HOW EFFECTIVE IS THE SOURCING OF BUILDING PRODUCT INFORMATION IN THE REPUBLIC OF SOUTH AFRICA?
Tinus Maritz1, Dr. Carl Klopper and Dr. Thys Siglé
Department of Construction Economics, University of Pretoria, Pretoria, South Africa
The growing use of modern communications is bound to result in substantial changes in the way the world does business, and more specifically in the context of this article, in the increasing use of electronic exchange of construction information between different members of the project team, and with product manufacturers and suppliers. These changes are brought about by the availability of fast, powerful and relatively cheap computers; fast and relatively cheap telecommunication methods, and the rise of global electronic networks, particularly the Internet. These technologies are driving the envisaged rapid growth of electronic commerce. In the next few years, e-commerce will impact in some way or another on businesses, if it has not already done so
THE NEED FOR A STANDARDISED TECHNIQUE FOR TENDER EVALUATION IN SOUTH AFRICA
Fanie Buys, MSc (QS), Senior Lecturer, Department of Quantity Surveying, UPE and
Grant Puttergill, BSc Hons (QS) graduate (2001), UPE
Some contractor selection methods currently in existence are criticised as incomplete and biased, and lacking consideration in terms of the contractor’s ability to achieve simultaneously, time, cost, quality and safety standards.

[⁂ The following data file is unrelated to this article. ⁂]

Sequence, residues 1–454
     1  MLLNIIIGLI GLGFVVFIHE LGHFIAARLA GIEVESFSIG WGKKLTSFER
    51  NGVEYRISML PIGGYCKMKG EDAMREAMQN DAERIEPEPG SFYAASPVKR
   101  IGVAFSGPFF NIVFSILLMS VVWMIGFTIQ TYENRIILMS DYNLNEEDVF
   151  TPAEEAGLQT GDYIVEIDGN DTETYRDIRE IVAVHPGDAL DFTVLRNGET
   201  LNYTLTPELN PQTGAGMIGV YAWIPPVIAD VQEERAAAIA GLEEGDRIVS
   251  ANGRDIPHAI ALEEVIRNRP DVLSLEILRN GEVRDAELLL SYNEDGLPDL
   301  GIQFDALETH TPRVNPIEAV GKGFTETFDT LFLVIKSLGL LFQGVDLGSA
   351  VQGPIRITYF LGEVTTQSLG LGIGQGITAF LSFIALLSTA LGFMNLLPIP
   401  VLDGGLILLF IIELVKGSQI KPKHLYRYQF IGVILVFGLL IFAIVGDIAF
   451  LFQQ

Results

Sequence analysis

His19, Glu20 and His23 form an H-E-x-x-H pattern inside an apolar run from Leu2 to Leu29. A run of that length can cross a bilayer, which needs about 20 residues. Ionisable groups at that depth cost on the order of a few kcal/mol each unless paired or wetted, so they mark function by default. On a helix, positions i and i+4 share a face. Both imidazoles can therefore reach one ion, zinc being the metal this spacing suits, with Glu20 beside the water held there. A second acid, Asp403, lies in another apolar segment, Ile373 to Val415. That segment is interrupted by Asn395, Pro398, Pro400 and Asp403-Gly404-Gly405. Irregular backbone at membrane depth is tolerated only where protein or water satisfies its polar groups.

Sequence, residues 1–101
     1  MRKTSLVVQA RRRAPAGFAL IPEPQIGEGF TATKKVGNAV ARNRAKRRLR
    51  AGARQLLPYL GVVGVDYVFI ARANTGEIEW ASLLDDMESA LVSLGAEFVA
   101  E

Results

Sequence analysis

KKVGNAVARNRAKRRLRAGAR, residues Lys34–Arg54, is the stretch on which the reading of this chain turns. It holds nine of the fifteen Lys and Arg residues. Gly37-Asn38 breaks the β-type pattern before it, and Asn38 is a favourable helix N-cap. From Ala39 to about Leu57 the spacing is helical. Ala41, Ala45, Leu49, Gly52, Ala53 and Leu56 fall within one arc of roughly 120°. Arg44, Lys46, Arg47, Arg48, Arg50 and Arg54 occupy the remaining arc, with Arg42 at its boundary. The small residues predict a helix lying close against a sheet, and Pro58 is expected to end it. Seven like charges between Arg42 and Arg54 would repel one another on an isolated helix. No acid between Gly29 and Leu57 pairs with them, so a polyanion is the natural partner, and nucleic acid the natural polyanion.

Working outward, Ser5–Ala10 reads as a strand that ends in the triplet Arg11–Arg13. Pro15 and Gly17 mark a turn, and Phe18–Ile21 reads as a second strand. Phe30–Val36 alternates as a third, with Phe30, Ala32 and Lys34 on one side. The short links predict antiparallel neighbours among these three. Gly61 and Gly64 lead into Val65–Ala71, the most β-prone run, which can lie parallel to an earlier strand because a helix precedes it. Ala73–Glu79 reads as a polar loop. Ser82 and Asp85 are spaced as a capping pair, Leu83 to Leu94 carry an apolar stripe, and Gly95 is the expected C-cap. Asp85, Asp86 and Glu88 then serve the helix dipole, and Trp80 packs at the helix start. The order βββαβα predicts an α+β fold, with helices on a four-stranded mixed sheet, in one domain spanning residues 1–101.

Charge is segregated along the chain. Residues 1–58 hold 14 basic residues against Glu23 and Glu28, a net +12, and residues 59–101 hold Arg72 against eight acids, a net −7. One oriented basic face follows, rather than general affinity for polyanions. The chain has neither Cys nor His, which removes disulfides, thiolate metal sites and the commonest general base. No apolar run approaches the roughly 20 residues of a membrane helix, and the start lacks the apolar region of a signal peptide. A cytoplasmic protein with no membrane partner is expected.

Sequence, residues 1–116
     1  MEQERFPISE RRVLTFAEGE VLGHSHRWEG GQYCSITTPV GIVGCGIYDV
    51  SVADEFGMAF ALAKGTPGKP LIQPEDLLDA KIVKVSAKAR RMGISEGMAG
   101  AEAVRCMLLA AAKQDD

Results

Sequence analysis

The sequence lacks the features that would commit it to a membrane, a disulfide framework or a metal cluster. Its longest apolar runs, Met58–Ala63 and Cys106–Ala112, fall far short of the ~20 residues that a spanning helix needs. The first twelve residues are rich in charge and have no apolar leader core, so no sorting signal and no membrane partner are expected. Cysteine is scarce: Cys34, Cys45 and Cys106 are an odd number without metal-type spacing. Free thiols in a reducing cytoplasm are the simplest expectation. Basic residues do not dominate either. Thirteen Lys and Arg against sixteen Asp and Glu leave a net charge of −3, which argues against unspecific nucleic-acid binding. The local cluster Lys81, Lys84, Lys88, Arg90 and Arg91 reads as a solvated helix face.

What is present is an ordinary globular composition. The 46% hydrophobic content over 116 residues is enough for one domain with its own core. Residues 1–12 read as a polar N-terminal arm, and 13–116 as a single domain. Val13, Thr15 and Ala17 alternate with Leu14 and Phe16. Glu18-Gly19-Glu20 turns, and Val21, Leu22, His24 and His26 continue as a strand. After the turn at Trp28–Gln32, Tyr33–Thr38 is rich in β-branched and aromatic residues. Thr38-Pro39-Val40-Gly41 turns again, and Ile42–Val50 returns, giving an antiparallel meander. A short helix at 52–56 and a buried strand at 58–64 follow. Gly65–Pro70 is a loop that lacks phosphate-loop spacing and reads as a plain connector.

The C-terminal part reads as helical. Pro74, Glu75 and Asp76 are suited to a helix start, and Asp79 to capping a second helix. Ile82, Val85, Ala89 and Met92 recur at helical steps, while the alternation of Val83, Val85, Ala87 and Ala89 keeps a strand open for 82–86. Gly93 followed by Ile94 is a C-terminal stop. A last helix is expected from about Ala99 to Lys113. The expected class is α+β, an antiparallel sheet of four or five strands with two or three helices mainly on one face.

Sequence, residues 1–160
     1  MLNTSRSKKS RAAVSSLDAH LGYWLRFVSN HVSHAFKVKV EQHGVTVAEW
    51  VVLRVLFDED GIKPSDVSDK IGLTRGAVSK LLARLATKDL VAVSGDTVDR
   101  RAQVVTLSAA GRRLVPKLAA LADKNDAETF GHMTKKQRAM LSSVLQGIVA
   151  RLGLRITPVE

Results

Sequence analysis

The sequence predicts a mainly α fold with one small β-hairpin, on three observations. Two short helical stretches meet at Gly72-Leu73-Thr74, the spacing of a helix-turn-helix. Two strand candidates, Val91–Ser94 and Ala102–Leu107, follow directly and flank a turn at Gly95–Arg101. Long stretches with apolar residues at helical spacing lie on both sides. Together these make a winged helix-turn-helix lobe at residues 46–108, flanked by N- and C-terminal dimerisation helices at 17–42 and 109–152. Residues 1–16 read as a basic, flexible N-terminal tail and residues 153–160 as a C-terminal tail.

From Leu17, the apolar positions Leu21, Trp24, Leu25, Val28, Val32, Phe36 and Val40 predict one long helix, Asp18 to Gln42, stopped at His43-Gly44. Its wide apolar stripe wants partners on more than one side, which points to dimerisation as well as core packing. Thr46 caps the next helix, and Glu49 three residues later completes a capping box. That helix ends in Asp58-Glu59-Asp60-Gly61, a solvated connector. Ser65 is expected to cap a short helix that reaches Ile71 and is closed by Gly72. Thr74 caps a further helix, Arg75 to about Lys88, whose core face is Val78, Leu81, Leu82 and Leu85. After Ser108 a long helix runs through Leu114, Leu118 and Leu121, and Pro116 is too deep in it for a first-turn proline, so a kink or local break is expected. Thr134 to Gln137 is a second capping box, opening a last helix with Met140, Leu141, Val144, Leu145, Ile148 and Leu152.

THE CUTTING EDGE IN PM
Trials and tribulation: the New Engineering Contract (NEC) in practice
BUILD-OPERATE-TRANSFER-THE WAY FORWARD
By Ian McKechnie
This article focuses on the Build-Operate-Transfer (BOT) concession-type project model.
GENERAL CONTRACTING VS CONSTRUCTION MANAGEMENT
By Steve Saucerman
This article discusses the differences between the titles General Contractor (GC) and Construction Management (CM)
What Does The Law Say?
In this series of contract law articles we look at how the courts resolved some difficult disputes.
We are grateful to Tiefenthaler Construction for supplying these articles for publication.
Does a subcontractor have a claim for enrichment against the employer for work done in those instances where a subcontractor has not received payment from the main contractor because of the main contractor’s insolvency? What does the law say?
Contractors are sometimes handed a reduced payment amount for works executed, such payment being issued under the term “full and final settlement of your account”. What are the consequences if the contractor accepts such payment?
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